That historic photograph remains to this very day, memorializing that historic event. Although small-scale, this meeting proved pivotal, representing a turning point in the history and future of the Memphis Baha’i community. The Nashville Baha’i community also held an interracial Feast that same night as well.
Doris McKay concludes her narrative of this groundbreaking episode:
My job was over. The amalgamation of White and Black groups had happened and we discovered that we were not oil and water. We had mixed and were all enriched by that event. The evening was not exuberant, but the flow of the spirit was authentic and many of us were quiet in the significance of our act. After all, this was history. – Ibid., p. 308.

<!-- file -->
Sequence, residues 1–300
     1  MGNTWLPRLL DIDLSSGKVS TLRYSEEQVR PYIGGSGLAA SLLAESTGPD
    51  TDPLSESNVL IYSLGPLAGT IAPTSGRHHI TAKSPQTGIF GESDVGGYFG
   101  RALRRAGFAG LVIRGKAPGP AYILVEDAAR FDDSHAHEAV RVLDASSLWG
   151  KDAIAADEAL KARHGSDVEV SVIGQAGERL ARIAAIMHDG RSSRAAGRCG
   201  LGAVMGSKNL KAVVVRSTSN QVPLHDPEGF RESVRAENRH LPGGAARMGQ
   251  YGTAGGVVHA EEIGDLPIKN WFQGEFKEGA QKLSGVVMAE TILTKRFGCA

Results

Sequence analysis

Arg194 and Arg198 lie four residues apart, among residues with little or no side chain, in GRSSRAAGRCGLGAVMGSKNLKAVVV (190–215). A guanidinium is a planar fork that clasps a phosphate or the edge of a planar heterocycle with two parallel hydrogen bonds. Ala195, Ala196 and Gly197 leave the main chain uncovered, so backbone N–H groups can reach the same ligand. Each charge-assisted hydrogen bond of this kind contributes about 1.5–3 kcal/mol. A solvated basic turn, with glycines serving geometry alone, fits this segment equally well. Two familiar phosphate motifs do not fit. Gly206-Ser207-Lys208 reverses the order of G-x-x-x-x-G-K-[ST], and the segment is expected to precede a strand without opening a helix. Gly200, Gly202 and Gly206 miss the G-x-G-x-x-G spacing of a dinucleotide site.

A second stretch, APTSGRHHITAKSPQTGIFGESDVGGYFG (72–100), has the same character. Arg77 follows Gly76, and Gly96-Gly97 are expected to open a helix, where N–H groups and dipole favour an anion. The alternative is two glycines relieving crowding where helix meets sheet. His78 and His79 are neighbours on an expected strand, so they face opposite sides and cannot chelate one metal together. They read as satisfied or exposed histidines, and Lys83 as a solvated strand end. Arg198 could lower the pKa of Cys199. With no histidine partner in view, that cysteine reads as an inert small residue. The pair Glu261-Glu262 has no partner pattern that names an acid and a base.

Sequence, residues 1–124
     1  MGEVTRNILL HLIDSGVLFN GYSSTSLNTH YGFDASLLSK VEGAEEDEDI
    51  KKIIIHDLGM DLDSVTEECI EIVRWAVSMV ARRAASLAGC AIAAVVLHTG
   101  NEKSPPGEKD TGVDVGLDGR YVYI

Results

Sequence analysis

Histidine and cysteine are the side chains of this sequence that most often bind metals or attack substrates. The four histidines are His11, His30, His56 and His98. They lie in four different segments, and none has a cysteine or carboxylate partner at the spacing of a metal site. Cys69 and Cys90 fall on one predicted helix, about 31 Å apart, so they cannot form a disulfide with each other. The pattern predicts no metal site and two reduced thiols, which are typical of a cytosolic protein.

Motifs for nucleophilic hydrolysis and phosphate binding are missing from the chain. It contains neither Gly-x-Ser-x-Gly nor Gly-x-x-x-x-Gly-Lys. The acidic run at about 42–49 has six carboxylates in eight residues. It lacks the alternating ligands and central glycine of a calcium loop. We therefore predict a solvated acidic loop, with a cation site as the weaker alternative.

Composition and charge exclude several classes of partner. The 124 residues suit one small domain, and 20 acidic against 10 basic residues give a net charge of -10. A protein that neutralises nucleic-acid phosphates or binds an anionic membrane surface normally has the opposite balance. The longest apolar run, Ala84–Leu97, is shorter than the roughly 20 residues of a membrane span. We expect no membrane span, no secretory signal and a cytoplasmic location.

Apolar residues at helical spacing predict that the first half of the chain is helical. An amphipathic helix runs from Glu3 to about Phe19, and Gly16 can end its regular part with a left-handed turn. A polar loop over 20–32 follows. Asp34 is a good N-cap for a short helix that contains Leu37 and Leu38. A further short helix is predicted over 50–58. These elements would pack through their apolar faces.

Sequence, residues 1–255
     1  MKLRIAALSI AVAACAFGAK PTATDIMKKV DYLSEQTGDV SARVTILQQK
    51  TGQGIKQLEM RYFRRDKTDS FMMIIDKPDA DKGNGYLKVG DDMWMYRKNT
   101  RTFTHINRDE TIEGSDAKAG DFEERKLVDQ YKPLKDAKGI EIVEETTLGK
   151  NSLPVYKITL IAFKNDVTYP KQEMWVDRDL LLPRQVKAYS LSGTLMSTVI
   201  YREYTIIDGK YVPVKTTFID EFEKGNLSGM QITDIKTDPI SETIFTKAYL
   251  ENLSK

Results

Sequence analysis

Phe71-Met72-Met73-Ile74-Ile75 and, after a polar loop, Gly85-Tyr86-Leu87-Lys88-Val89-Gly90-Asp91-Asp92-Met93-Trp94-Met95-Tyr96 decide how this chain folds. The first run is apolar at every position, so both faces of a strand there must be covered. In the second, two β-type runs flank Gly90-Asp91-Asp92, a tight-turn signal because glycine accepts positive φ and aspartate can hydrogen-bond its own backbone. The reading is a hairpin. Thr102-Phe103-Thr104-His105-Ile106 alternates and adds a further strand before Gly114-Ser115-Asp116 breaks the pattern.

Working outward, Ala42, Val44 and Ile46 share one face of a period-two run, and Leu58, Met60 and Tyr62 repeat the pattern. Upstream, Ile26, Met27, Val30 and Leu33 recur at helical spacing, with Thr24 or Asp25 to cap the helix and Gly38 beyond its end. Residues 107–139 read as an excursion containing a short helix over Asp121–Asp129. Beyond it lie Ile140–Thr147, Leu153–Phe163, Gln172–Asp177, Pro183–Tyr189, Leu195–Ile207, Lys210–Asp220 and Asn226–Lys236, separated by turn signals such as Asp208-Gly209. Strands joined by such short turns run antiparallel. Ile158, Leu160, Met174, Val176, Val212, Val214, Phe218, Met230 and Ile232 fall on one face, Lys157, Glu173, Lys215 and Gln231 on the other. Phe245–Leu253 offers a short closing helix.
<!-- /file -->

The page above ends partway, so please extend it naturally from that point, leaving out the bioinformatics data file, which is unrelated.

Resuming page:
In April, 1941, George W. Henderson was elected as a member of the first Spiritual Assembly of the Baha’is of Memphis, now a fully integrated community, thanks to the interracial efforts of Professor Henderson and Doris McKay.
Professor Henderson died on December 24, 1944, a highly-respected public citizen, and a stalwart Baha’i for 29 years.
It is time to sing the praises of this relatively unsung social hero.